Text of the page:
Normally, companies declare bankruptcy, their stocks plummet and shareholders get wiped out. But car rental company Hertz (NYSE:HTZ) refused to go out like that. More specifically, speculators betting on an impossible turnaround refused to let Hertz stock go out without a bang.
In the weeks after Hertz filed for bankruptcy in late May, Hertz stock dropped from $3 to 50 cents, rebounded to $1.30, briefly soared above $5, quickly collapsed back to $1, and has since stabilized around the $1.50 level.
Why all the volatility? Pure speculation. Nothing more.
That’s right. All this volatility surrounding the Hertz bankruptcy and Hertz stock is just noise. In the big picture, the stock is worthless, and equity shareholders will — like in almost every bankruptcy case — get wiped out.
Hertz Stock: How Did We Get Here?
The story surrounding the Hertz bankruptcy is a bit wild. Bear with me.
First, Hertz — burdened by a debt-heavy balance sheet and collapsing sales trends amid the Covid-19 pandemic — declared bankruptcy in late May. Hertz stock fell from $3 to 50 cents.
Then, fueled probably by some combination of low interest rates and a rise in retail investor interest in the stock market, speculators pushed Hertz stock higher. By early June, the stock was trading north of $1.50.
Then, in an attempt to take advantage of the inflated stock price, Hertz management flirted with the idea of issuing equity at these elevated prices in order to finance their bankruptcy dealings. On that news, Hertz stock exploded to $5+ prices.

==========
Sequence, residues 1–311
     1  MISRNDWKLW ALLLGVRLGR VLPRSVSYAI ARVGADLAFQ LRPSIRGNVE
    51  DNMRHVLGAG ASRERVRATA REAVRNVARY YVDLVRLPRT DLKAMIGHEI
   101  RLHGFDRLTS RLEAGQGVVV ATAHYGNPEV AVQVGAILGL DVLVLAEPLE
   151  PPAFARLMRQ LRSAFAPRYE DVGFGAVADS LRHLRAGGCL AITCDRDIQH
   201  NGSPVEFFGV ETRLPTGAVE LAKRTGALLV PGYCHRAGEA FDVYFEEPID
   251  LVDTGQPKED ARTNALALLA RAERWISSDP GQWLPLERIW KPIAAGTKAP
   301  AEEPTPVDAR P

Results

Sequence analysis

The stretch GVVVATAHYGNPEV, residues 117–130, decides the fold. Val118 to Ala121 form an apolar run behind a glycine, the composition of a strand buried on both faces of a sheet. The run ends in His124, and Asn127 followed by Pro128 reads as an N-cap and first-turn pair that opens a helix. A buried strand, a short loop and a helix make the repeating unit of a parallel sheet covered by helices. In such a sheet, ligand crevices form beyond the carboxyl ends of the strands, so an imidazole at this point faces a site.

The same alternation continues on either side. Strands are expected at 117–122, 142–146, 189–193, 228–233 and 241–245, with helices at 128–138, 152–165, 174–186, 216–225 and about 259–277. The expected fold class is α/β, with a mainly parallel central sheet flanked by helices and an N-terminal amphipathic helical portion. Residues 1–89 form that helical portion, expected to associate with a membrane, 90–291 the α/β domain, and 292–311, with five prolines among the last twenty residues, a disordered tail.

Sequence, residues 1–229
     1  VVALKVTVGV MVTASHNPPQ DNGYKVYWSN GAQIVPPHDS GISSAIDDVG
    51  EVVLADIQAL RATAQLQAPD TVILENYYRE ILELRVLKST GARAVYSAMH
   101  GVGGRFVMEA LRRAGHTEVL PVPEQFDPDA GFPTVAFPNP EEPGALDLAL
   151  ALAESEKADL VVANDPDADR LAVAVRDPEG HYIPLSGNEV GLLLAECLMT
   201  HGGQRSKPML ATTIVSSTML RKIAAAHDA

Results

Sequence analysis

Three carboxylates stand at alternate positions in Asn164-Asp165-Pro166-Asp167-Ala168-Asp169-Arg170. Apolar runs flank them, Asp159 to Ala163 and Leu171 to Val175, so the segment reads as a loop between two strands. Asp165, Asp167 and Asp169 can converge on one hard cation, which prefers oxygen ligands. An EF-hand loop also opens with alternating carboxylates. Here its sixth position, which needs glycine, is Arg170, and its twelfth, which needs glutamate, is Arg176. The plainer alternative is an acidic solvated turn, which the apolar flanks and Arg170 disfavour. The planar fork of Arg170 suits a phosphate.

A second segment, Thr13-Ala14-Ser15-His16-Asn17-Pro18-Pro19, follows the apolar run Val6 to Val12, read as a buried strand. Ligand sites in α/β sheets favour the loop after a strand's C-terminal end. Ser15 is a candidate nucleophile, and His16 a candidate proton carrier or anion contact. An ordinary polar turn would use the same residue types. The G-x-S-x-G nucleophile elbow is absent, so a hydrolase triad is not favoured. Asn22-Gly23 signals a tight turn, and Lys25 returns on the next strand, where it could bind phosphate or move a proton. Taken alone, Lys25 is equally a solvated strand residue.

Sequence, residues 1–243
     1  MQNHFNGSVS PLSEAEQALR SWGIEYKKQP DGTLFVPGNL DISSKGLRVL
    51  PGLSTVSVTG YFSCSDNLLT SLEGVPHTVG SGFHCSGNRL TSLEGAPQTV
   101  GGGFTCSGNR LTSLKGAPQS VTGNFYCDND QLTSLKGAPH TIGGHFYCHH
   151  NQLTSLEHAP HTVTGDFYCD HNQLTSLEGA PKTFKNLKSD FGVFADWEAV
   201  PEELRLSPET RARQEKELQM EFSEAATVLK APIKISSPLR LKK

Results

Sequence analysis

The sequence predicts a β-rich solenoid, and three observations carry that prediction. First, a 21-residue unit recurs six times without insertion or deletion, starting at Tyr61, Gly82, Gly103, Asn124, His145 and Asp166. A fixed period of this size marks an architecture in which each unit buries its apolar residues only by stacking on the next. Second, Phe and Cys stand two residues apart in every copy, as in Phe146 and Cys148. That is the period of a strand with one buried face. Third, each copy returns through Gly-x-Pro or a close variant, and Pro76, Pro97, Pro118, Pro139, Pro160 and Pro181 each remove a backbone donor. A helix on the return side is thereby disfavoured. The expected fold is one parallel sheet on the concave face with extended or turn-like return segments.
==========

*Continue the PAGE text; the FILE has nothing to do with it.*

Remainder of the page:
But that move raised eyebrows. Particularly over at the SEC. Because Hertz was essentially issuing worthless stock to equity investors in order to pay off their own debts.
A few weeks later, Hertz management scrapped that idea. Hertz stock plunged. Back to $1.
Shares have since recovered and stabilized on news that the company is seeking a bankruptcy loan from a group of Wall Street bankers and hedge fund managers. Such a loan would help the company navigate the bankruptcy process, and potentially preserve equity value.
Hertz Is Worthless
If you do the math here, it becomes clear that all the volatility in Hertz over the past six weeks is nothing more than noise, and that the stock is, indeed, essentially worthless.
As of last quarter, Hertz had more than $18.75 billion in debt on its balance sheet. The company says it has more than $850 million in cash to work through the initial stages of bankruptcy dealings. Hertz is also trying to raise an additional $1 billion from hedge fund managers and Wall Street bankers.
If Hertz does raise that money, then the company will have a cash balance of $1.85 billion, against a debt balance of $18.75 billion. That $16.9 billion delta is simply too big to say Hertz stock is worth much of anything today.
Potential downside catalysts on the horizon include an NYSE de-listing and/or significant shareholder dilution. If either of those things happen, the market will be reminded in a not-so-subtle fashion that there really isn’t much — if any — equity value here.
That rude reminder will cause Hertz stock to plunge. Potentially all the way to zero dollars.
Bottom Line on HTZ Stock
Just be smart here. Why would you invest in a bankrupt company with a $16.9+ billion net debt balance in the middle of a pandemic?
Sure, miracles do happen. And there is a small chance here that, if the stars align, HTZ stock is worth something. But not much. And the odds of that happening are so small — while the odds of hitting zero are so high — that the stock is not worth the risk.
My parting words: proceed with caution.
Luke Lango is a Markets Analyst for InvestorPlace. He has been professionally analyzing stocks for several years, previously working at various hedge funds and currently running his own investment fund in San Diego. A Caltech graduate, Luke has consistently been recognized as one of the best stock pickers in the world by various other analysts and platforms, and has developed a reputation for leveraging his technology background to identify growth stocks that deliver outstanding returns. Luke is also the founder of Fantastic, a social discovery company backed by an LA-based internet venture firm. As of this writing, he did not own a position in any of the aforementioned securities.